Test Overview

Hepatitis B tests are blood tests that show whether you have an active hepatitis B infection. The tests can also show if you had the infection in the past.

The tests look for different signs of infection:

  • Antigens, which are made by bacteria or viruses.
  • Antibodies, which are made by the
    body to fight infection.
  • Hepatitis B DNA, which is the virus’s genetic material.

Hepatitis antibodies can take weeks or months to develop. So
an infected person may test negative early in the infection.

Most common tests

The most common tests are:

  • Hepatitis B surface antigen. This antigen is
    the earliest sign of an active hepatitis B infection. It may be
    present before symptoms occur.
  • Hepatitis B surface antibody.
    The presence of this
    antibody means that the infection is at the end of its active stage and you are no longer contagious. You can’t pass the virus to others.
  • Hepatitis B e-antigen. This antigen is only
    present during an active hepatitis B infection.
  • Hepatitis B DNA testing. A high level of this DNA means that the virus is multiplying in your body and you are very
    contagious.

Other tests

These tests are not done as often:

  • Hepatitis B core antibody. This antibody appears about 1 month after the start of an
    active infection. It can be found in people who had an infection in the
    past. It is also present in those with long-term, or chronic, hepatitis B.
  • Hepatitis B core antibody IgM.
    This antibody shows that a hepatitis B infection has occurred within the last 6 months. It can also mean that a chronic hepatitis B infection has flared up again.
  • Hepatitis B e-antibody. This antibody shows that the active stage of
    a hepatitis B infection is almost over, and your risk of spreading the virus is
    a lot lower.
  • Hepatitis D antibody. This test shows whether you’re infected with the hepatitis D virus. This infection occurs only in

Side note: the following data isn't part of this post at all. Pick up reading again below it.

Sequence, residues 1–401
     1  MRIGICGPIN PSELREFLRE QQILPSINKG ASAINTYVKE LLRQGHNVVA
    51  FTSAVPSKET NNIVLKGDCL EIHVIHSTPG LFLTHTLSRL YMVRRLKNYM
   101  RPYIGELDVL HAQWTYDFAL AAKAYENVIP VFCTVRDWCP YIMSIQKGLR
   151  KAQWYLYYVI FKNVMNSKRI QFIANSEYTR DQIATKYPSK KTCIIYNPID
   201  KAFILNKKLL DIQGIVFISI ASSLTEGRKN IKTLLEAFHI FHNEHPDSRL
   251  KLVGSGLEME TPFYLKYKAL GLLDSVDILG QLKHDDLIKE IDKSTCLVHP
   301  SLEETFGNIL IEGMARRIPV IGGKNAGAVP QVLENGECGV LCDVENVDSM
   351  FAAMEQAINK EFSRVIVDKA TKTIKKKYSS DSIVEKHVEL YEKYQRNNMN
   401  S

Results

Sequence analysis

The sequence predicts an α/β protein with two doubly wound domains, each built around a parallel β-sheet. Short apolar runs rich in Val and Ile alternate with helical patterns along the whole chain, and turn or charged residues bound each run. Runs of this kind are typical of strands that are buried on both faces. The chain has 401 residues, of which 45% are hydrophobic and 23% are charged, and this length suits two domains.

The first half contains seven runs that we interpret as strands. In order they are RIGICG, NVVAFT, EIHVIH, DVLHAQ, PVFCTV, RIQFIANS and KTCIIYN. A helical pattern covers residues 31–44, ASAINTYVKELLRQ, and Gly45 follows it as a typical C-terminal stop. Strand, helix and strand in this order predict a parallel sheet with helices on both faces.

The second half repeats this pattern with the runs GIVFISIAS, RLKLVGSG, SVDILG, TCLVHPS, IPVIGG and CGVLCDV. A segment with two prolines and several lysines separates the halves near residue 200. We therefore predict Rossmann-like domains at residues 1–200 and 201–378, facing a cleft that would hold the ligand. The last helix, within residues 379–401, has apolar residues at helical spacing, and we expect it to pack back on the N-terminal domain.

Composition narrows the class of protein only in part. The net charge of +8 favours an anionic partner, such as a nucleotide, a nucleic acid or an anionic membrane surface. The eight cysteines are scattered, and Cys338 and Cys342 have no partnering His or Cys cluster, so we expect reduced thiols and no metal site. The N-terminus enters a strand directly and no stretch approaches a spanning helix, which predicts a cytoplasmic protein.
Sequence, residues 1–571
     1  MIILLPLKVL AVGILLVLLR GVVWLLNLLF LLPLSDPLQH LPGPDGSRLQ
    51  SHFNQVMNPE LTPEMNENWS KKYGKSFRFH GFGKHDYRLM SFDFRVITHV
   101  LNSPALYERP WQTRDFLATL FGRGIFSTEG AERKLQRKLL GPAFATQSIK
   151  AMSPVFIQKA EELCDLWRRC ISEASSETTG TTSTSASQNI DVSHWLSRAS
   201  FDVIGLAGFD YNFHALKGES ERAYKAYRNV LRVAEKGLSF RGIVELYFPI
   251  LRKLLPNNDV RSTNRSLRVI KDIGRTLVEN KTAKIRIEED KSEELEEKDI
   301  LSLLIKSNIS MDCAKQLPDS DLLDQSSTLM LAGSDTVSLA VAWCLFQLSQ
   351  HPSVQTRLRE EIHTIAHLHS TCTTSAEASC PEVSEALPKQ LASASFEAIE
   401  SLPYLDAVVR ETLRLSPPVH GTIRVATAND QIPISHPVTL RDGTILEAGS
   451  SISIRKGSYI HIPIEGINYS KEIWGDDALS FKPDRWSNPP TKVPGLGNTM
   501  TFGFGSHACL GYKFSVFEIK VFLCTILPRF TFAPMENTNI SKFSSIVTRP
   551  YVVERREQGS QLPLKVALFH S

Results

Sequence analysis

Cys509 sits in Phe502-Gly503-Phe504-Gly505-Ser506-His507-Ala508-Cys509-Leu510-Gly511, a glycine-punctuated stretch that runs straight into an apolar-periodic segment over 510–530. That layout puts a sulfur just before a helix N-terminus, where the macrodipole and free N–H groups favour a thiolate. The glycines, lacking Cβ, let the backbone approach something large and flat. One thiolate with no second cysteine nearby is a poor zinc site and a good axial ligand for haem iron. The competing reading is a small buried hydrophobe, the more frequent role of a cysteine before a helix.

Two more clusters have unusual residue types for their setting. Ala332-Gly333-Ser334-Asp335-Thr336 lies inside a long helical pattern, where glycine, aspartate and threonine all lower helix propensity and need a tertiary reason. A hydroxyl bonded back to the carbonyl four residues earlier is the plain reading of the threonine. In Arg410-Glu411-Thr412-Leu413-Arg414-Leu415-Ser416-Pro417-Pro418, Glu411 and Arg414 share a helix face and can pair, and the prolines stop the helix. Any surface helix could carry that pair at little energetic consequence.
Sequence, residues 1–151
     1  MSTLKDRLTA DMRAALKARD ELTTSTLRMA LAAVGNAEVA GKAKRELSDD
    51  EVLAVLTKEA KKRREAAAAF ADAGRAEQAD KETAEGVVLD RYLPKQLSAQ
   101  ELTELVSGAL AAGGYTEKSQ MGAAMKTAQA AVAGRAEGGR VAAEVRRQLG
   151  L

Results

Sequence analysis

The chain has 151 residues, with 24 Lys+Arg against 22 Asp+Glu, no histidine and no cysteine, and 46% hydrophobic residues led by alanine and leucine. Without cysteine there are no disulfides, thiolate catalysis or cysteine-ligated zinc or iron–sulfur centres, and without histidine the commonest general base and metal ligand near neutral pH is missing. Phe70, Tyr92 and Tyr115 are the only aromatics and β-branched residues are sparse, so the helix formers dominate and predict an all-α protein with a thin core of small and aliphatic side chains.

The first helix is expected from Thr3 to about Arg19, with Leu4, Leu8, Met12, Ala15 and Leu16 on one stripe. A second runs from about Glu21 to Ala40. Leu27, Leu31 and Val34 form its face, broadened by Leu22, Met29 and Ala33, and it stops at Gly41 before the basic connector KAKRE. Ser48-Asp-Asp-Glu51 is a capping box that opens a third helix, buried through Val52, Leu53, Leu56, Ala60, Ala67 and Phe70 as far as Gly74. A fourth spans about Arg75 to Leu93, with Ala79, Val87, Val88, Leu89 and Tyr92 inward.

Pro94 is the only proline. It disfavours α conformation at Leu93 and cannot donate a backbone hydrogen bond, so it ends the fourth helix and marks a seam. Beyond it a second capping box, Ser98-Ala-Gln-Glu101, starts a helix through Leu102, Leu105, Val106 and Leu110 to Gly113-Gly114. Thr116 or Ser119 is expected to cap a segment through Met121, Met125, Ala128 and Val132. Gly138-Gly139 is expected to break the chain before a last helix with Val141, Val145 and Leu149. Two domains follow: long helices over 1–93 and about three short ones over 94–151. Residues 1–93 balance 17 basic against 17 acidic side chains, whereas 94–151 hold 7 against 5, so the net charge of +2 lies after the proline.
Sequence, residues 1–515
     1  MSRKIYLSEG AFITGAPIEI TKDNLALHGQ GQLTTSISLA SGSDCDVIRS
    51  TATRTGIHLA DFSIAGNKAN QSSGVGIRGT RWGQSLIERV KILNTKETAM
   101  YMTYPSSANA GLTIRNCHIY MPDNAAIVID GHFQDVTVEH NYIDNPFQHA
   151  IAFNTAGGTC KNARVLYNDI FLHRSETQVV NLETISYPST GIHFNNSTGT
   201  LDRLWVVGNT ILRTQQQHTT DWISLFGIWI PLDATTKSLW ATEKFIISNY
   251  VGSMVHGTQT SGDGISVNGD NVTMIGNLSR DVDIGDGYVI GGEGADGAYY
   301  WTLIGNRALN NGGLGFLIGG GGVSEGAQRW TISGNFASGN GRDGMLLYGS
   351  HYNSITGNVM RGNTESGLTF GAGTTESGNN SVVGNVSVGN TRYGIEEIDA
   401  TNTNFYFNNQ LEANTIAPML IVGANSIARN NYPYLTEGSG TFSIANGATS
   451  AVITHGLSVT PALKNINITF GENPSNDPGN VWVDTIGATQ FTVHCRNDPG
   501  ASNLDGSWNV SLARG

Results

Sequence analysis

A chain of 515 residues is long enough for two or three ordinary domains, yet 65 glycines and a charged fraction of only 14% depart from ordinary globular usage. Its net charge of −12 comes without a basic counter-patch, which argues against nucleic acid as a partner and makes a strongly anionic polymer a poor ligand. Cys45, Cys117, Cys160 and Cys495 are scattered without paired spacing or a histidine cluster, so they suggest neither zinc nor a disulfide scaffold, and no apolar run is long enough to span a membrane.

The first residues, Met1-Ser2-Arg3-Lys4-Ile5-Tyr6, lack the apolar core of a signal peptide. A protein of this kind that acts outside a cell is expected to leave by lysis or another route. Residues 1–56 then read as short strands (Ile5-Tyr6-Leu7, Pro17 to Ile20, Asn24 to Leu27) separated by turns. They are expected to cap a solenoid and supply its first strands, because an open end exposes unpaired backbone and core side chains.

people who are already infected with hepatitis B. It’s rare in the United States and Canada, except among people who inject illegal
    drugs and those who are often exposed to blood products.

Why It Is Done

Hepatitis B testing is done
to:

  • Find the type of infection and see if an infection has occurred recently or
    in the past.
  • Screen people who
    have a higher chance of getting or spreading hepatitis B. This includes doctors, dentists, and nurses.
  • Screen blood donors and donor organs
    to prevent the spread of hepatitis B.
  • Find out if a person has antibodies after getting a hepatitis B vaccination. Having antibodies means the vaccine worked.
  • Find out if hepatitis B is the cause of abnormal liver function tests.
  • See how well treatment of chronic
    hepatitis B is working.

How To Prepare

You don’t need to do anything special to prepare for this test.

Talk to your doctor if you have any concerns about the need for the test, its
risks, or how it will be done. To help you understand the importance of this
test, fill out the
medical test information form (What is a PDF document?).

How It Is Done

The health professional taking a sample of your blood
will:

  • Wrap an elastic band around your upper arm to
    stop the flow of blood. This makes the veins below the band larger so it is
    easier to put a needle into the vein.
  • Clean the needle site with
    alcohol.
  • Put the needle into the vein. More than one needle stick
    may be needed.
  • Attach a tube to the needle to fill it with
    blood.
  • Remove the band from your arm when enough blood is
    collected.
  • Apply a gauze pad or cotton ball over the needle site as
    the needle is removed.